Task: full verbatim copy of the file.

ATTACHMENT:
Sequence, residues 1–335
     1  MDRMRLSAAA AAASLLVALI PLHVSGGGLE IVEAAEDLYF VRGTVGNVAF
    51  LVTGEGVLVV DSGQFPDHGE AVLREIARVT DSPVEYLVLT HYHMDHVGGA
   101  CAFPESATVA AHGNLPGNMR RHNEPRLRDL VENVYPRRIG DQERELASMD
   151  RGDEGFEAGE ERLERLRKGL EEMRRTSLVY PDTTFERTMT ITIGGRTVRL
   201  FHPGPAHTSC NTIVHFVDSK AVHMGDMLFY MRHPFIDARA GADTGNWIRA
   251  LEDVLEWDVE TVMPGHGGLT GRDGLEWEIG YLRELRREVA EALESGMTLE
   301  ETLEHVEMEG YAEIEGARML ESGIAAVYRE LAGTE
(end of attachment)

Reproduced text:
Sequence, residues 1–335
     1  MDRMRLSAAA AAASLLVALI PLHVSGGGLE IVEAAEDLYF VRGTVGNVAF
    51  LVTGEGVLVV DSGQFPDHGE AVLREIARVT DSPVEYLVLT HYHMDHVGGA
   101  CAFPESATVA AHGNLPGNMR RHNEPRLRDL VENVYPRRIG DQERELASMD
   151  RGDEGFEAGE ERLERLRKGL EEMRRTSLVY PDTTFERTMT ITIGGRTVRL
   201  FHPGPAHTSC NTIVHFVDSK AVHMGDMLFY MRHPFIDARA GADTGNWIRA
   251  LEDVLEWDVE TVMPGHGGLT GRDGLEWEIG YLRELRREVA EALESGMTLE
   301  ETLEHVEMEG YAEIEGARML ESGIAAVYRE LAGTE